Finally, after many mis-starts and social media product debacles, Google gets their social networking offering down right. The downside is, there’s no reason to call this a “Plus”, it’s just catchup.
Google has learned from failed attempts
Historically, Google has been complacent when it goes to social networking, not having realized how quickly Facebook was going to grow many years ago, innovation in this category was lackluster. Amid several attempts most have failed (see the chronology of failed Google attempts), there is hope with yesterday’s announcement. In previous launches, their efforts were mere copies of Facebook’s (+1 vs Like) or struggled with too much complexity (Wave) and privacy woes (see my additional analysis on Google vs Facebook vs Twitter).
Yet strikes the right balance with Google+
Although I’ve only spent a few hours cruising throughout Google’s latest endeavor, “Google +1” I found myself strangely comfortable with the feature set. Groups (now called “Circles”), A wall with a cascading microfeed, Chat tools, commenting tools. In particular, great care was taken to craft the “Share” feature which makes it crystal clear on which circle or even in public you’ll share information. In the past, both Google and Facebook have miffed on how information will be shared. Being a late adopter has given Google the advantage here, they’ve had a few mistries, seen where Facebook has fallen, and have put the right features together.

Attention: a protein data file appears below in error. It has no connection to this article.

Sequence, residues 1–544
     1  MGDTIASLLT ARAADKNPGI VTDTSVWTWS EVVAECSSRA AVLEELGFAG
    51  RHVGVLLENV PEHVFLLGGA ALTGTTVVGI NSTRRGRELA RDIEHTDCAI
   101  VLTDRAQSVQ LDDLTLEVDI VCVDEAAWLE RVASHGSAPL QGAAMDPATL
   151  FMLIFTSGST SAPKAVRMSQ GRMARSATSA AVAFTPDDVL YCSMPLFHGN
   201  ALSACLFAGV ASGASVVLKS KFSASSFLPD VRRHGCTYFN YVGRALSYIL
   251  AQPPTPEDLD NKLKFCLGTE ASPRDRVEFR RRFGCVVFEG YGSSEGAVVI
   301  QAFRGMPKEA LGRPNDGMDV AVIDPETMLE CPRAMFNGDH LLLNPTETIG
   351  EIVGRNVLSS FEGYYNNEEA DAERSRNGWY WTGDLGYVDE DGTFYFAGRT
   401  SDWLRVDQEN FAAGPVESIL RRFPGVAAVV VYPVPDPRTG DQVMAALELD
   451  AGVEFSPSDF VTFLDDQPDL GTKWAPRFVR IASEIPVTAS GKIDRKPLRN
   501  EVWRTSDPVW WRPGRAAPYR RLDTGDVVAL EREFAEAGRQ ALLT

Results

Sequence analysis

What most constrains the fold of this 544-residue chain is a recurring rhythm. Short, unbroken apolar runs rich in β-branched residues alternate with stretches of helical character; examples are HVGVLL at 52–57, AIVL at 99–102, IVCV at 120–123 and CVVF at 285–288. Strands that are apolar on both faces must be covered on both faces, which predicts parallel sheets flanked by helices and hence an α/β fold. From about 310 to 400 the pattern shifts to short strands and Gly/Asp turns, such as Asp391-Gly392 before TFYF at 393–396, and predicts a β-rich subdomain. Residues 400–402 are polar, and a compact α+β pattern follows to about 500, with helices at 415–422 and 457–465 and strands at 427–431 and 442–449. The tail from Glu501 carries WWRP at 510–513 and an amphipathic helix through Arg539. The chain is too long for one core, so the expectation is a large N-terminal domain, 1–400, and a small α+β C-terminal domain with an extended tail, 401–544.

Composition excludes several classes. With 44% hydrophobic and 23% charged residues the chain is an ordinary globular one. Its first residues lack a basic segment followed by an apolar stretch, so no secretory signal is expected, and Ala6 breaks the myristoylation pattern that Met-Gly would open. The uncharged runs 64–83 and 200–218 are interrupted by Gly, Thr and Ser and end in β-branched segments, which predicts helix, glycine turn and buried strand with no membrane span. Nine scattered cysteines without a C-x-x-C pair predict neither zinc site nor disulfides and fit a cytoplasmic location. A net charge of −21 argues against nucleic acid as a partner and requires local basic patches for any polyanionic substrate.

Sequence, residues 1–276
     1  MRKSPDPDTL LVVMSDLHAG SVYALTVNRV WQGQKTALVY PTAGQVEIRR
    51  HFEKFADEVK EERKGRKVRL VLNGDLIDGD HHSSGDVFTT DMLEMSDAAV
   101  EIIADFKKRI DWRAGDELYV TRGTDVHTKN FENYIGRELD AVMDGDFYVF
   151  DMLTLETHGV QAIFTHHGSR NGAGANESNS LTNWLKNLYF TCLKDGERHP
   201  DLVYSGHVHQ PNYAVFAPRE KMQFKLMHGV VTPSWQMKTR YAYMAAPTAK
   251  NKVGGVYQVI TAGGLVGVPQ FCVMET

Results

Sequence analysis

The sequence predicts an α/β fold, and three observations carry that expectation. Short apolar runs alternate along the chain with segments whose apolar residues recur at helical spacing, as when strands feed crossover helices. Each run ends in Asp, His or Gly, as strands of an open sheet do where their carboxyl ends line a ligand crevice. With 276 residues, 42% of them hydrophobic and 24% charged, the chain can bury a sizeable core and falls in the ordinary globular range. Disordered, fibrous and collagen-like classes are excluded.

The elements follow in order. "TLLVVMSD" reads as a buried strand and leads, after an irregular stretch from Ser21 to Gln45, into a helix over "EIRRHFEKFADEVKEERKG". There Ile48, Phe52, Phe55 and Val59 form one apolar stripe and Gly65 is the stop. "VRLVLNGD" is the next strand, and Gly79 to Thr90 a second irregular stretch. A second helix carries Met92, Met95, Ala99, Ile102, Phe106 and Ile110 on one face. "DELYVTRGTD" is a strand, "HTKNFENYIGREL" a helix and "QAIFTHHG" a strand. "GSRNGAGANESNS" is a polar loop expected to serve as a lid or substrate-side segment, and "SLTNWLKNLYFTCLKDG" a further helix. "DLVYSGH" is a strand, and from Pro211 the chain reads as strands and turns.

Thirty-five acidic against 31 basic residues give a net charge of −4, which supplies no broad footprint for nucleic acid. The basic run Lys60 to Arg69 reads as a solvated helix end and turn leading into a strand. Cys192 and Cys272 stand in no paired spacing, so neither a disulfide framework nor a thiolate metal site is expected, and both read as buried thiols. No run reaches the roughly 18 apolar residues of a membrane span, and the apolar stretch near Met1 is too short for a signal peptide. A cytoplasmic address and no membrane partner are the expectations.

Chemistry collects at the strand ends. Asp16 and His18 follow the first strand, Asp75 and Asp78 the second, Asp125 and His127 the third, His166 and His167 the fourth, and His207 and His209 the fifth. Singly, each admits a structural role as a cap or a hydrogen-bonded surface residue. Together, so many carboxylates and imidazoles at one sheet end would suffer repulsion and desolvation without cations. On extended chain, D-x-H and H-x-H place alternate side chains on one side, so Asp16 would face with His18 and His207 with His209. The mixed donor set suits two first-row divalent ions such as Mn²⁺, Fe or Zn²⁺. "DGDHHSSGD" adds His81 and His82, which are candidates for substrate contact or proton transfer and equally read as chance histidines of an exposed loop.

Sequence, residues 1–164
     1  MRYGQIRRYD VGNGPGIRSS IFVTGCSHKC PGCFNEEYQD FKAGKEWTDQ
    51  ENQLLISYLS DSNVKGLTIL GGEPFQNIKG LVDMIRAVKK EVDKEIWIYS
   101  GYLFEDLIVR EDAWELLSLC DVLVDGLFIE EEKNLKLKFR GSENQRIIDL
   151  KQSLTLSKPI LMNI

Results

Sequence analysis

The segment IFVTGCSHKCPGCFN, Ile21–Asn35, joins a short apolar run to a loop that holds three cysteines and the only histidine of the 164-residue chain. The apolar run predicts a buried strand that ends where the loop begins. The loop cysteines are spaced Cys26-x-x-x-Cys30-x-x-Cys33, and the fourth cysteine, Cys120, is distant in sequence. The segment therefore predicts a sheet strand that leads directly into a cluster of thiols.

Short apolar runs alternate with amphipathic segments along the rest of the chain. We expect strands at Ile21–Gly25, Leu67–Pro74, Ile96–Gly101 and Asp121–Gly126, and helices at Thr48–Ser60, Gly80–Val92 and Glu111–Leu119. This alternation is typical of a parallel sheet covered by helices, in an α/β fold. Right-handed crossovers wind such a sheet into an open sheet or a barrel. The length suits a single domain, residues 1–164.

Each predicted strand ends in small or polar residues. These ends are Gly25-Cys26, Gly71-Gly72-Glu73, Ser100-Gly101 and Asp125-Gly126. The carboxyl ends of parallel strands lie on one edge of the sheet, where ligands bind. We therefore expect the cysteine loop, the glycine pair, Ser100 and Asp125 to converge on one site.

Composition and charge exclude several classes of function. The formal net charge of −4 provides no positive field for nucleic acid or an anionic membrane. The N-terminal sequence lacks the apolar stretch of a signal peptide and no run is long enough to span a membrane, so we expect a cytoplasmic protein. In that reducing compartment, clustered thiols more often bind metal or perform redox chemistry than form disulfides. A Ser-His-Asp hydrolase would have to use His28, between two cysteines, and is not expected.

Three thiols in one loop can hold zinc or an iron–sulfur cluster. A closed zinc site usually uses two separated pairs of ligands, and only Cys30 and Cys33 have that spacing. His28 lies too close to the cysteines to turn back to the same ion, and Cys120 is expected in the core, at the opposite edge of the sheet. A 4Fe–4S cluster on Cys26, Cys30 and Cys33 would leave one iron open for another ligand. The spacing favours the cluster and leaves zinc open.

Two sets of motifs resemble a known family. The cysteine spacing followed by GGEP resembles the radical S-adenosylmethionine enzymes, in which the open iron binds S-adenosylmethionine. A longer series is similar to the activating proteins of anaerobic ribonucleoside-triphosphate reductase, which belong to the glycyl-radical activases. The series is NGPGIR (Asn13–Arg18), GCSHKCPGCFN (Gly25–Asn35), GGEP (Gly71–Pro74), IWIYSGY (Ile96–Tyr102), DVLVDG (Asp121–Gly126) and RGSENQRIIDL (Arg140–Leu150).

But offers no reason to migrate From Facebook…yet
Yet, despite the familiar balance of features and site structure layout, this looks like a bare bones version of Facebook (minus the excessive ads, applications, yesterday tabs, and confusing user interface). As a result, I don’t see how this differentiates from Facebook. There is one saving grace that could make this tool unique, “Google Sparks” which is a conversation starter around different topics, that could leverage the Google search and media features.While only on the first week, I’ll reserve final judgement, but there isn’t a compelling reason why someone would switch to Google+ after setting up their social connections on Facebook.
The Bottom Line:
When it comes to features, Google is at parity with Facebook, but isn’t compelling for a mass immigration of social behavior. They must quickly integrate Google’s unique products like YouTube, Gmail, Apps, and others to slowly attract users over.
Below is some screenshots, and here’s a link to my public Google+ profile.